A London story

By Jonny Evans

This is a difficult day in London. Collectively Londoner's are gripped in anxious consideration of recent events. There's real fear violence may return to the streets today, though also signs of hope as communities work together to clear up the damage.  If ever there was a London problem that demanded a real Apple CEO Steve Jobs "Eureka" moment, this is it.

I confess I'm finding it difficult to analyse an iPhone rumor on a day when parts of my city are burning. London's problems are complex and some are political. I certainly don't see an exploration of the politics of this problem as at all relevant to this blog, but I can't help but recall what Apple's boss has said when it comes to developing solutions.

Take innovation and recession, for example: "The cure for Apple is not cost-cutting," he has said. "The cure for Apple is to innovate its way out of its current predicament."

This isn't just about dollar spend: "When Apple came up with the Mac, IBM was spending at least 100 times more on R&D. It's not about money. It's about the people you have, how you're led, and how much you get it," he said another time.

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Jonny Evans: A London story

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So, it isn't about the money, but about where it is placed. "A lot of times, people don't know what they want until you show it to them," Jobs has also said. "Do what you love," he has advised.  Being passionate about what you're trying to do seems to be critical. Making connections between things that others cannot see. Joining the dots to kick-start your brain. Looking for non-obvious relationships which together perhaps define and serve a need.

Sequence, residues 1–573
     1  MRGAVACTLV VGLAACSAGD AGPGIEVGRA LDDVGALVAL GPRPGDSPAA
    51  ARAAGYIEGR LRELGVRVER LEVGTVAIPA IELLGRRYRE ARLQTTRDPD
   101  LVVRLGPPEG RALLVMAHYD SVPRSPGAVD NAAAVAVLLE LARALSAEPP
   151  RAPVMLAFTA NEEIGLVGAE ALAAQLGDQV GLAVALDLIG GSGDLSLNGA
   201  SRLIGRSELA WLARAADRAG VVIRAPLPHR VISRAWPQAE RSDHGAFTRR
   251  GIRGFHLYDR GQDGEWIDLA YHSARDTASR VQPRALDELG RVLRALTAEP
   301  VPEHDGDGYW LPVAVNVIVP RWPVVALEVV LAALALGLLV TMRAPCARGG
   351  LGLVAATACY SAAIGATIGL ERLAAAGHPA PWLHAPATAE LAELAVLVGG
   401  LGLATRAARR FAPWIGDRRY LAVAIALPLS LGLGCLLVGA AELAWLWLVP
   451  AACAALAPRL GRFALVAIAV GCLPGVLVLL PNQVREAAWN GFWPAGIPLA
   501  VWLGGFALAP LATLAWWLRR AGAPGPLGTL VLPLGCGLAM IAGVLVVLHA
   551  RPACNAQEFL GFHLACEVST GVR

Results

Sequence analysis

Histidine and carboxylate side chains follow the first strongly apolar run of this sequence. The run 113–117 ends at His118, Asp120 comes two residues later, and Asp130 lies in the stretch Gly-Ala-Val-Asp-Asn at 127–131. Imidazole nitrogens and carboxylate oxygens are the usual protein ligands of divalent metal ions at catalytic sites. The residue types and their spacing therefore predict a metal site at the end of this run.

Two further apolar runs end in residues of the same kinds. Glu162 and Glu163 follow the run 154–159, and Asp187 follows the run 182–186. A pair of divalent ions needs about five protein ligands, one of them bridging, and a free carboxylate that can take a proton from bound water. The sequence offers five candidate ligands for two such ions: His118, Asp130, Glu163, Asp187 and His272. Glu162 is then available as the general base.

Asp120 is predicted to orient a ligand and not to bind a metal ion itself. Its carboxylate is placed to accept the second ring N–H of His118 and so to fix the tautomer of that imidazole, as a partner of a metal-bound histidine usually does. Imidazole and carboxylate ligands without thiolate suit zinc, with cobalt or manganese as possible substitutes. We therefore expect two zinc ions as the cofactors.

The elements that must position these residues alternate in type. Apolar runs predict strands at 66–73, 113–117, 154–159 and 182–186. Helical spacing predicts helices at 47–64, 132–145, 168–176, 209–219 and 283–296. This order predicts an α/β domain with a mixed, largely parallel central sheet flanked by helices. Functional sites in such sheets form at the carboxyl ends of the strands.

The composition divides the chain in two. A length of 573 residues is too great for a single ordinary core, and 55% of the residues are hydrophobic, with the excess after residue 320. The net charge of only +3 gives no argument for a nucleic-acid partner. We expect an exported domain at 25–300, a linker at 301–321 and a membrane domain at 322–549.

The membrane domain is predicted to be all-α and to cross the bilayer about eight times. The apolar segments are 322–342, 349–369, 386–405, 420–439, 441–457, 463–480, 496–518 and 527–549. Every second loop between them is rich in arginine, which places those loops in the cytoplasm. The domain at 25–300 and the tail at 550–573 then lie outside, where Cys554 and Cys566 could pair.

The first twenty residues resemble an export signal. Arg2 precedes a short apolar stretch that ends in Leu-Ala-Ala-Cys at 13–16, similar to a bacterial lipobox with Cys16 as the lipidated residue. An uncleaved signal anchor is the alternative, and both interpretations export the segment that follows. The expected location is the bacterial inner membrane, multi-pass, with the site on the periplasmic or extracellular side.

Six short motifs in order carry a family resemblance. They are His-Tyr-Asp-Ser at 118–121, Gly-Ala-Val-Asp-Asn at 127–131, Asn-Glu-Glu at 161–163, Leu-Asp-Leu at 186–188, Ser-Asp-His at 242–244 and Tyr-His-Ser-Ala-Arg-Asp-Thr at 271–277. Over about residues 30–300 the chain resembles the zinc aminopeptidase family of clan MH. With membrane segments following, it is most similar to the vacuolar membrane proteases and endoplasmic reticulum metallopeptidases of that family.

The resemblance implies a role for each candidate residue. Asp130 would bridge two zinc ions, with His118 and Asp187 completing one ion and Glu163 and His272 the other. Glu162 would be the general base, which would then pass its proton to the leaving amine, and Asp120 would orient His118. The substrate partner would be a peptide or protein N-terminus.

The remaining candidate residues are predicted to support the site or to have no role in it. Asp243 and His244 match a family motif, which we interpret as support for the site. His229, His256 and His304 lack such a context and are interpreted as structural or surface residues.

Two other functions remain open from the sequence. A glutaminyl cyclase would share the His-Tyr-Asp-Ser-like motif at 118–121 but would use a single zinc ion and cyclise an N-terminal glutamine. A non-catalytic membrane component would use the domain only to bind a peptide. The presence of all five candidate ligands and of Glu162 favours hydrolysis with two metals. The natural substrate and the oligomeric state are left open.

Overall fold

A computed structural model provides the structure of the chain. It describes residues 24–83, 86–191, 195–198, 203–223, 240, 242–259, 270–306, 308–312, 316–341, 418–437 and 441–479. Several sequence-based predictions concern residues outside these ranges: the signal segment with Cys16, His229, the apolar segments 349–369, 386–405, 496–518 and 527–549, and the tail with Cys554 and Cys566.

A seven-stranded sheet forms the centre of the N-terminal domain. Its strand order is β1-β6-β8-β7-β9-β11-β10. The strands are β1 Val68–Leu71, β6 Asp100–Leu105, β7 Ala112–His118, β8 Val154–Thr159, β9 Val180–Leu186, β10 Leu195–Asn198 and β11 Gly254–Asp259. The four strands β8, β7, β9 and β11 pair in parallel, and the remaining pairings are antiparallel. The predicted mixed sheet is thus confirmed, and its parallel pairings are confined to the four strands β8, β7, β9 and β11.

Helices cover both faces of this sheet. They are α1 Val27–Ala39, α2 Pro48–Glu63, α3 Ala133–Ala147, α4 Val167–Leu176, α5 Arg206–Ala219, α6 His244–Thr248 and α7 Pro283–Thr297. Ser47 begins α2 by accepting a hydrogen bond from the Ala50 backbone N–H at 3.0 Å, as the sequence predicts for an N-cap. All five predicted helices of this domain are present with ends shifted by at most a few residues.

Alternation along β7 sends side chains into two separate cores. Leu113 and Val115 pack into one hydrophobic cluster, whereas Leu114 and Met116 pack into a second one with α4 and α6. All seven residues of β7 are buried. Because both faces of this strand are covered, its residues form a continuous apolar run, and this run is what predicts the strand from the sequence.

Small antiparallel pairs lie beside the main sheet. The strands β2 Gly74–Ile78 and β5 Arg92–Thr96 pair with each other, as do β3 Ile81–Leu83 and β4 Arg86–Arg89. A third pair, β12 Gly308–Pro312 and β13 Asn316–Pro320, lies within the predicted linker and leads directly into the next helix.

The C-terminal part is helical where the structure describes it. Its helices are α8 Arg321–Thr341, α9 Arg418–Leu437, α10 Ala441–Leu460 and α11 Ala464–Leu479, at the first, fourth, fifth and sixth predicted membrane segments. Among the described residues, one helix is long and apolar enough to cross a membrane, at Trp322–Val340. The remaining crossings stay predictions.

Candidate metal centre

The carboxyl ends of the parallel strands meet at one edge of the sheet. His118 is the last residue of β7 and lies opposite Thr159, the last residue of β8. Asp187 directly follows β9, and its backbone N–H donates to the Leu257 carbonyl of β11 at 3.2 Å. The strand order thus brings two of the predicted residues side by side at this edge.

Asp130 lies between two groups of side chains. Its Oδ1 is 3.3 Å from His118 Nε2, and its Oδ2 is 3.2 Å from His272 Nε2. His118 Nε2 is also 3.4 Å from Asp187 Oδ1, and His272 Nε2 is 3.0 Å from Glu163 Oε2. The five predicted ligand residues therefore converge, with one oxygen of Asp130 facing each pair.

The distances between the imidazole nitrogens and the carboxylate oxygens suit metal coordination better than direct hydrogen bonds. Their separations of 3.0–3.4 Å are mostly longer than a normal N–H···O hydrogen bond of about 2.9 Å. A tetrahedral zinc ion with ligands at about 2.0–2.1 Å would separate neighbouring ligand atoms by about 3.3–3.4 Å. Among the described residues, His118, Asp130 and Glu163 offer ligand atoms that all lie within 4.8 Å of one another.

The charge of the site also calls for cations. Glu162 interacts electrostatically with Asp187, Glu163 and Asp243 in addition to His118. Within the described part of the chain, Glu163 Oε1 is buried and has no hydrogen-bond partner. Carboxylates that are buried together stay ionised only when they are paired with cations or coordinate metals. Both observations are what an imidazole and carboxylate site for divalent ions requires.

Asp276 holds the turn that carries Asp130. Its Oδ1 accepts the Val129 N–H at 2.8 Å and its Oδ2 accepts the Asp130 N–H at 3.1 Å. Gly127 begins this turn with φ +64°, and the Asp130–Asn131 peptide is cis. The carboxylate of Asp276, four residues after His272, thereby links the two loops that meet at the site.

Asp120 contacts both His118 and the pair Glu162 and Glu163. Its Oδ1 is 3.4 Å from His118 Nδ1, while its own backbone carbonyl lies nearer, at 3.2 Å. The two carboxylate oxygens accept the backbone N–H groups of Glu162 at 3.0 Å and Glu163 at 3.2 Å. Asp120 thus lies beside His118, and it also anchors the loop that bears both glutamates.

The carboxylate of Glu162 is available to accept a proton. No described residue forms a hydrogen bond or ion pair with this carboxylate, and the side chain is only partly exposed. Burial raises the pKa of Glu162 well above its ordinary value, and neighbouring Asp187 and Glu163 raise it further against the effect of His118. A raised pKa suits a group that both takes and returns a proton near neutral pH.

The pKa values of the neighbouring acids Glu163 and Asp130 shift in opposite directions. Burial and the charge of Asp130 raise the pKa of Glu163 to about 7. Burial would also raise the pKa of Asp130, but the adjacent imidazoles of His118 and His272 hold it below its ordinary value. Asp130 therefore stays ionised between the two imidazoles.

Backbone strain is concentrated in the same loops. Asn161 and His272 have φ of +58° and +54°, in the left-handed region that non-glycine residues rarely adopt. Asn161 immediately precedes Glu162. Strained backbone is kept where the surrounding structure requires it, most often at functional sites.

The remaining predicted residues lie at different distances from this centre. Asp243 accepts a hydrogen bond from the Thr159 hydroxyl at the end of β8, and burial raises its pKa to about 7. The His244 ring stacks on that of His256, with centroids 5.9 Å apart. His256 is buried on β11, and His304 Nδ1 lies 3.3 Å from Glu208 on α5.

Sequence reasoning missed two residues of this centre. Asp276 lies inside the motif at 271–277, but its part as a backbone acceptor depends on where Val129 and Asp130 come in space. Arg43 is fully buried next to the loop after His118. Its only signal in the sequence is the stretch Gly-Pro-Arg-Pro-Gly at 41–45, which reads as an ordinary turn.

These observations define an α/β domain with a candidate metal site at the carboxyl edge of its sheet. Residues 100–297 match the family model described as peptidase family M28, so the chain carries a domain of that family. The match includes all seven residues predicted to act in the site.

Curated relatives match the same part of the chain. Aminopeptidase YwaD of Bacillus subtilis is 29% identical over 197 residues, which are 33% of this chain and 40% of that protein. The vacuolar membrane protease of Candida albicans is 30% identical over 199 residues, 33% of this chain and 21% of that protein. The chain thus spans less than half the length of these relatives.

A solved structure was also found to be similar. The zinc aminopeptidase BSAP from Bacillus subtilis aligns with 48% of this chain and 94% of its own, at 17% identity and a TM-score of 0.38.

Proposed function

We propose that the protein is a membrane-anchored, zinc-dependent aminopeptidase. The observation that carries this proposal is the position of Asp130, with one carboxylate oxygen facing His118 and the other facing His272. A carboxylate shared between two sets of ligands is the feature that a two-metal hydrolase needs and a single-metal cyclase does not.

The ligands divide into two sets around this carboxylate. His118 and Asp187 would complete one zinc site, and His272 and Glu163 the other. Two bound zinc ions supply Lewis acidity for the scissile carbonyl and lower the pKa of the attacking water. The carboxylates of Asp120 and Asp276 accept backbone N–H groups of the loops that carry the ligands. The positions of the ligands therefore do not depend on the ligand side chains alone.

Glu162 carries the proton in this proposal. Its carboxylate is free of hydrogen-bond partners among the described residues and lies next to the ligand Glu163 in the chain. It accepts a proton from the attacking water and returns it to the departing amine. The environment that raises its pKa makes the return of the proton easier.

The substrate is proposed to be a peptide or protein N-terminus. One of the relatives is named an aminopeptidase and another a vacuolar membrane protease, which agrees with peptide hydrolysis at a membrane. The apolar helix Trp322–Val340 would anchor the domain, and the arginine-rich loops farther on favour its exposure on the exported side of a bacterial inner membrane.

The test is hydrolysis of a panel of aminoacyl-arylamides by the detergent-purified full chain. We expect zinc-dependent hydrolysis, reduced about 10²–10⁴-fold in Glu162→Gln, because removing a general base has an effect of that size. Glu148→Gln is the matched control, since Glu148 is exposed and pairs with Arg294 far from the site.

There is a technological story of the day here today. It's a positive one. Londoners have been grabbing their news from Twitter overnight, mainly because the service has been a better, faster portal for up-to-the-minute information (and some false data) than slower-moving conventional news channels.

As events unfolded last night, a new Twitter group sprang up, @Riotcleanup (also now a website). This group now boasts over 50,000 followers and membership is climbing fast. It's a positive grass-roots attempt which is seeing hundreds of Londoners band together to lend a hand cleaning up the damage done.

Sure, it is a simple exercise in community activism, but as an expression that most of the people who live here do not condone the violence, that we want to protect our city and our communities, that we have the ability to care about our neighbors, that we can make a positive difference to what is going on -- surely this is something to be welcomed?

It is a beginning, after all.

There's a lot of damage to fix, not all of it physical.

Wish us luck.

Please do follow me on Twitter so I can let you know when I post new reports here at Computerworld.   

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